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The ADAA Creed - Enthusiasm

Posted Jan 01 2010 4:19am

"To be enthusiastic– for therein lies the easiest way to accomplishment."

                                                ~Juliette Southard~

Your success in life can only be as great as your enthusiasm.  You can spot someone who is enthusiastic about what they're doing by the light and life in their eyes.  Their whole face and demeanor gives it away.  There's no hiding enthusiasm, and there's no substitute for it either.  I'm not talking about false or forced enthusiasm.  You can spot a fake a mile away.  False enthusiasm is irritating, and just as bad as a lack of enthusiasm.  Actually, false enthusiasm actually is a lack of enthusiasm wrapped in plastic.  Someone tried to cover it up, but the lack is transparent.

Think about the employees or co-workers you've worked with in the past.  When I think of enthusiastic people, a few spring instantly to mind and make me smile.  Just being around them made you feel more energized because enthusiasm is contagious, if you have the frame of mind for it.  It's a "I pull you, you push me" kind of thing.  Enthusiasm is interactive, welcoming and compelling.  Now, when I think of people who I've worked with who've lacked enthusiasm I feel a heaviness as I picture them.  They are the people the word drag was invented to describe.  They make everything a struggle and spend more time throwing boulders into the path of progress, than they do actually trying to achieve goals.  They are the "It's good enough"  "That's as good as I get" people  They don't see potential as an ever-expanding journey, rather they see it as a stopping point.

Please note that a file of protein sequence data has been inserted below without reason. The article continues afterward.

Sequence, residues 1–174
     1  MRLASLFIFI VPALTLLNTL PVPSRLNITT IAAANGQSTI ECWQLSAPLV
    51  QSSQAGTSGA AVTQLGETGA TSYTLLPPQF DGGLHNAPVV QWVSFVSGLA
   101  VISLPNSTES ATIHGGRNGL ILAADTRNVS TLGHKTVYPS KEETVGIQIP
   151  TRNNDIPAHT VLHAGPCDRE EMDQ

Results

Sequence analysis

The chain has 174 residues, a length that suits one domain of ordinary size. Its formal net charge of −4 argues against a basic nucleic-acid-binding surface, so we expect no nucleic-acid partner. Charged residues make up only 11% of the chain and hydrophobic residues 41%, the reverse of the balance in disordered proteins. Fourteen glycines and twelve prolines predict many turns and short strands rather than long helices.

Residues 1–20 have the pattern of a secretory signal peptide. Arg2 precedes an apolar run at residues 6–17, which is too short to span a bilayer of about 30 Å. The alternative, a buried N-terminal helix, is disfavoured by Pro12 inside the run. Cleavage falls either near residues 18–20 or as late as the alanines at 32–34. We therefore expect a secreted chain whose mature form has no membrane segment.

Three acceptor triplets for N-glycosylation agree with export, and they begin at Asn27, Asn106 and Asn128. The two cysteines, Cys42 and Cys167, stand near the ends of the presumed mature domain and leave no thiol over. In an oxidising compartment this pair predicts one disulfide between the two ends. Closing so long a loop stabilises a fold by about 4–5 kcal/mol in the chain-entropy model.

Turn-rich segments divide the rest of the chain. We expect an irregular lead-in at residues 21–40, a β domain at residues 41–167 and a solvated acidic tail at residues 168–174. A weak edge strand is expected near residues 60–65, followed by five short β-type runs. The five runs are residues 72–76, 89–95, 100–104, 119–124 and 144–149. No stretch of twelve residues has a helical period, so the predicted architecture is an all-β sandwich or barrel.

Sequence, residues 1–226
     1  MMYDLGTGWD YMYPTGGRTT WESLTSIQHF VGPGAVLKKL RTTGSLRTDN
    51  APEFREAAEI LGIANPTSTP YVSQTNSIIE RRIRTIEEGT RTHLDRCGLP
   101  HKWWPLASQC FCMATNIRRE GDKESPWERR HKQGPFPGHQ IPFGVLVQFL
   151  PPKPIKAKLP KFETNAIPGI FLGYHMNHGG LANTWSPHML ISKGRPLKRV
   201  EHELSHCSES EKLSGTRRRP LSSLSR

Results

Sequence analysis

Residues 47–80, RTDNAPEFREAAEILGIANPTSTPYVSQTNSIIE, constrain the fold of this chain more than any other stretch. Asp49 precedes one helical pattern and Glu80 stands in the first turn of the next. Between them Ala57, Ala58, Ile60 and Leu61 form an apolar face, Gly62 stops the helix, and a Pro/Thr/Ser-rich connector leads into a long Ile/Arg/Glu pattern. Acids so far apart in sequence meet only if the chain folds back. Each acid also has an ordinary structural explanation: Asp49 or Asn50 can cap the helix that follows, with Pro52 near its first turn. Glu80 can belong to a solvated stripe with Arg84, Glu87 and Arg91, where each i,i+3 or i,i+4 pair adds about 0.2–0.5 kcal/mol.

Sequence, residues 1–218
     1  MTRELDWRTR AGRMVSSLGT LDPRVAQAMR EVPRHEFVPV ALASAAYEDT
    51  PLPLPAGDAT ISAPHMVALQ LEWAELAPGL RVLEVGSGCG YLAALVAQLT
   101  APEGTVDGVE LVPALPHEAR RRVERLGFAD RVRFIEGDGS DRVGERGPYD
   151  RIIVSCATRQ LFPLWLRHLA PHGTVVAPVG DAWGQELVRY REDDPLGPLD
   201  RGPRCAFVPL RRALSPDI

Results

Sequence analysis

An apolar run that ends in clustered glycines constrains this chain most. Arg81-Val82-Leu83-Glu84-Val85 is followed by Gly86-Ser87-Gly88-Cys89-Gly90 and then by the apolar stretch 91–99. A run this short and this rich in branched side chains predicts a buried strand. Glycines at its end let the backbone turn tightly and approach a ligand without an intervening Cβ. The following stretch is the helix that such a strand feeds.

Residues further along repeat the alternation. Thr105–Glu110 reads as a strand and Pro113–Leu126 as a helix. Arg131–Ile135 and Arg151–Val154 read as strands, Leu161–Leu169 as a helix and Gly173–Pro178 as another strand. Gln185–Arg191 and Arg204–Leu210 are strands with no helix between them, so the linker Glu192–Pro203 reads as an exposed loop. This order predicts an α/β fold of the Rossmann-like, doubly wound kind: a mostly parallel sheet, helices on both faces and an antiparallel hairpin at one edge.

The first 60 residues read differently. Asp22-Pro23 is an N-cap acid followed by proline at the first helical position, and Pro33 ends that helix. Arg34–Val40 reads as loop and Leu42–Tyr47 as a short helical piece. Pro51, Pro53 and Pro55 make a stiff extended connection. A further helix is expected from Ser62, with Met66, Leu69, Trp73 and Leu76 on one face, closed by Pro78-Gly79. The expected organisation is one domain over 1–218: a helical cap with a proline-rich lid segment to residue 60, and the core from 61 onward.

Enthusiastic employees raise the bar for everyone.  Unengaged employees hang on the bar to try to pull it down into their comfort zone.  Enthusiastic employees grow your practice.  Unengaged employees slow your practice.  Worse yet, unengaged employees want to discourage enthusiastic team members.  They know that they make them look bad and think it's easier to stop all that enthusiasm than it is to develop some within themself. 

What does an enthusiastic dental assistant look like?  She is well-groomed, her clothes are neat and clean, she has an open, smiling face and a pleasant attitude.  She looks like she loves her job and enjoys the people she works with.  What does she sound like?  She sounds upbeat, interested and involved.  She knows what she's talking about and when she doesn't, she asks someone who does.  She educates her patients, she is respectful to others and she has dignity.  She cares.  How does she act?  She is always looking for ways to help  others and to do things better.  She acts like she's happy to work in the practice and to take care of her patients. 

When you hire, look for the fire of enthusiasm.  Believe me, I know how easy it is to be fooled in an interview, so be sure to be very clear about how you will expect the employee to conduct herself on the job.  If you don't get what you want, be ready to address it and offer advise.  If it doesn't change, be ready to make a change.   Your employees help you accomplish your goals, enthusiasm drives accomplishment.  Got enthusiasm?

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